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Our elections are under attack. 

This is, unfortunately, nothing new. On and off throughout American history, there have been countless efforts to disenfranchise voters or undermine faith in our electoral systems. But, in recent years, one former president, in particular, has made it his business to sow mistrust in our democracy. Today, the seeds of that mistrust have been scattered far and wide. Some have even taken root here in Boulder. 

Late last month, Bill DeOreo, the Republican candidate for House District 10, filed a complaint against the Boulder County Clerk and Recorder’s Office, arguing that the county has not been adequately monitoring its remote drop boxes.

DeOreo, who did not respond to a request for comment, said he became concerned about some of the county’s ballot drop boxes when participating in a Boulder County election office tour in June. According to the complaint, the position of the cameras and the available lighting were too poor to clearly see the faces of the people using the boxes or to clearly see what they were inserting into the boxes. 

Boulder County Clerk and Recorder Molly Fitzpatrick has defended her office’s practices and contended that they adhered “to Colorado’s election laws and regulations, including the requirements applicable to ballot drop boxes.” 

Whether DeOreo’s complaint holds water, the specter of potential fraud has been inserted into our upcoming local election. And it’s difficult not to associate this effort with Trump’s continued push to undermine election integrity. 

The truth, of course, is that while claims of voter fraud have become extremely common, voter fraud itself is extremely rare. 

By one measure, the rate of voter fraud is less than 0.0001%

As for our infamous most recent election, NPR recently put it rather succinctly, “The 2020 election has been scrubbed and studied as none other in U.S. history, and the consensus conclusion remains that it was run more smoothly and counted more reliably than ever.”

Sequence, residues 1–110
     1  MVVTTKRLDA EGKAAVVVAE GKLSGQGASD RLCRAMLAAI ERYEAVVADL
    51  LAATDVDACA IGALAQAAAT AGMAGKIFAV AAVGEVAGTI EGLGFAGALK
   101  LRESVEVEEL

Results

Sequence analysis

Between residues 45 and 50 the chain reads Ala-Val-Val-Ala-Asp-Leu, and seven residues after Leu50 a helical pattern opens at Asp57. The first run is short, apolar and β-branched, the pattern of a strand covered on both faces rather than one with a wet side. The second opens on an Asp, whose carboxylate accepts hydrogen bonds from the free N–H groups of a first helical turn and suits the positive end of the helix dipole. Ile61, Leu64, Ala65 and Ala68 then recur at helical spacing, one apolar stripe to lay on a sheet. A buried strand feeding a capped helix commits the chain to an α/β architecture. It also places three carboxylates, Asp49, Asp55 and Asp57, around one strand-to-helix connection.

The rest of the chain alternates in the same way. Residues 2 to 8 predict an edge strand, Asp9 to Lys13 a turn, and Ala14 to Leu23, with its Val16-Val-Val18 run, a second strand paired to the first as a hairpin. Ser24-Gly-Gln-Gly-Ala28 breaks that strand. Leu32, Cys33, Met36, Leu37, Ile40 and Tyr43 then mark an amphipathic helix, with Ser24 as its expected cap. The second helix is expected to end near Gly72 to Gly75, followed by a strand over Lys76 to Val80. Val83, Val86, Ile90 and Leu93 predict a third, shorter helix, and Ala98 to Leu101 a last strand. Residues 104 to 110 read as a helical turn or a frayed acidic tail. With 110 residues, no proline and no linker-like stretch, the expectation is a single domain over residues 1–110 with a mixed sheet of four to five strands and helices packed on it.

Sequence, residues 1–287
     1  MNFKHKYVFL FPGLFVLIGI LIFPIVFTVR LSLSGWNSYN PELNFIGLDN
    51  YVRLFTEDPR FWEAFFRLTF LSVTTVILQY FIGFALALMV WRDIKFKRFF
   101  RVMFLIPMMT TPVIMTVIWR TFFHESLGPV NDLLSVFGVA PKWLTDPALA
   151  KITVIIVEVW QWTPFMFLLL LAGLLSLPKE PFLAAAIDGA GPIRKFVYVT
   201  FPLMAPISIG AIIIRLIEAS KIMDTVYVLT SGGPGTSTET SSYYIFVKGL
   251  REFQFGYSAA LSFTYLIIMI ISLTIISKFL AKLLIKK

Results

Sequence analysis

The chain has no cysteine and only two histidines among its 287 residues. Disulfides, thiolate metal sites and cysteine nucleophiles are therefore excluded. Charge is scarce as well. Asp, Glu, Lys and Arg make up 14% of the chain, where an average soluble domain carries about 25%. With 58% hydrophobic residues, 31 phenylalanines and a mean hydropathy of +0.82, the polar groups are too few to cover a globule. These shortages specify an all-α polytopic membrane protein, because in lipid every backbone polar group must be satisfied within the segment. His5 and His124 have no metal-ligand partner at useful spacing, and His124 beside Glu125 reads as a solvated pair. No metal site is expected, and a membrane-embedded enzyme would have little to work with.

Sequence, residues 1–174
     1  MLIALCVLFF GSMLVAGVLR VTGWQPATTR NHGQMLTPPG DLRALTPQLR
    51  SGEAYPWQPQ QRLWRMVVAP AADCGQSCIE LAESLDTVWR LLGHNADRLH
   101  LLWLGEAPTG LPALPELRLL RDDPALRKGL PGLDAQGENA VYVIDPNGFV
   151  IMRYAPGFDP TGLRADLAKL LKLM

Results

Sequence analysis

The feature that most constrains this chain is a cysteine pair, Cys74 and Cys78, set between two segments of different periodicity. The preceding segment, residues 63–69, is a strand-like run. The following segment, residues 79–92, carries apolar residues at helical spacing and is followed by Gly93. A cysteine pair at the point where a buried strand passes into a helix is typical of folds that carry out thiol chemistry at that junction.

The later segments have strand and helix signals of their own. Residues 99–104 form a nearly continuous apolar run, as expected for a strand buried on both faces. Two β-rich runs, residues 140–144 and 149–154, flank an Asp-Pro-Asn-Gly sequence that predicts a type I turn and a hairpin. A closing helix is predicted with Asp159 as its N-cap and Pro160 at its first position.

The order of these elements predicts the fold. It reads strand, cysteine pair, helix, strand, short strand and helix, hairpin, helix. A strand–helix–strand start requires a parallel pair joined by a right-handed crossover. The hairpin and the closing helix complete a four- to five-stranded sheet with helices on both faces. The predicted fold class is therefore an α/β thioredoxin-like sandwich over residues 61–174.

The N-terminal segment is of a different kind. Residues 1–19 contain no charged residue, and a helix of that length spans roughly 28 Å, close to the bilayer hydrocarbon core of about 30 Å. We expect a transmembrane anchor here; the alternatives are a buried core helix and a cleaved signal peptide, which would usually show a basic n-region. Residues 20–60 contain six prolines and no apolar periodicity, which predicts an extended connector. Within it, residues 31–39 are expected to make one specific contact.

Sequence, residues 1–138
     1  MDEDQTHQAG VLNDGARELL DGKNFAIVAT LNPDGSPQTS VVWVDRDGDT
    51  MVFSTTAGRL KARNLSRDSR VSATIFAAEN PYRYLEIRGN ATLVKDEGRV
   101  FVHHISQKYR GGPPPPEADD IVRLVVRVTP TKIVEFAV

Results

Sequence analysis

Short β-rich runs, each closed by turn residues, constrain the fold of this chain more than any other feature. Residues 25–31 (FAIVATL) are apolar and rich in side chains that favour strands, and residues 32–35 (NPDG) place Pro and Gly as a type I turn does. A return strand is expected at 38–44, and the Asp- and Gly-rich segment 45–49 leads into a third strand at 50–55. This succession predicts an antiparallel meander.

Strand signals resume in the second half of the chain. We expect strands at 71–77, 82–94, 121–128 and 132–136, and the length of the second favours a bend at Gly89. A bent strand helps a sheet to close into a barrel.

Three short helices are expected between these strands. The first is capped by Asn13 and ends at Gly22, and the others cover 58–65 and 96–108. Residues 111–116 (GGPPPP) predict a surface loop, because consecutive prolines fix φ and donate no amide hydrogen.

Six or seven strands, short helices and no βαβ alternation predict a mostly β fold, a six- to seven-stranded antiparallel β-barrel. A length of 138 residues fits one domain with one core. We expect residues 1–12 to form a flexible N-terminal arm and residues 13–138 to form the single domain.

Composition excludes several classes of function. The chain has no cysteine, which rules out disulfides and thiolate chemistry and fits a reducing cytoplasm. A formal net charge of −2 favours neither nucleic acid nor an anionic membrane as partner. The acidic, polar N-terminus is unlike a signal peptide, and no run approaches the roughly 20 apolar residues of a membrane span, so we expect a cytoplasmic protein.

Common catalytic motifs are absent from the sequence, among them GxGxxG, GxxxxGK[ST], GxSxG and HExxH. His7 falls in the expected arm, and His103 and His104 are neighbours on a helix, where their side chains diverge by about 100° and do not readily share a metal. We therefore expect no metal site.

That holds true in Boulder. As Fitzpatrick was forced to explain in April, thousands of dead people did not vote in the 2020 election. No real data or evidence of massive election tampering has been presented.

What’s troubling in this particular case is that the cameras that are pointed at the ballot drop boxes are not even meant to be used to identify voters. Video surveillance is there to provide law enforcement with information in the event that someone tries to tamper with the boxes. 

It is one thing to take issue with the fact that the cameras were not designed to identify voters — legally they do not have to be capable of identifying voters — and it is another to intimate that something is awry. 

Election security is vital and good faith efforts to prevent fraud are essential. But our system is already working. Insinuating otherwise is blatantly disingenuous.  

Free and fair elections are the backbone of our democracy — or our democratic republic if you want to split hairs. To have a government of the people, by the people and for the people, we must have fair and representative elections, which require a plurality of participation. 

If a party is afraid that they will lose elections if everyone is allowed to vote, the solution cannot be to sow mistrust or attempt to disenfranchise voters. The solution must be to grow and adapt and meet constituents where they are — the solution must be to earn their votes. 

Elected officials, after all, are public servants, and they serve at the pleasure of the people. So being prepared to accept the results of an election — to listen to the will of the voters you are vying to serve — should be a measure of fitness for all candidates.

Together, we must use our voices and our votes to put an end to disingenuous attempts to undermine the integrity of our elections.

—Gary Garrison for the Editorial Board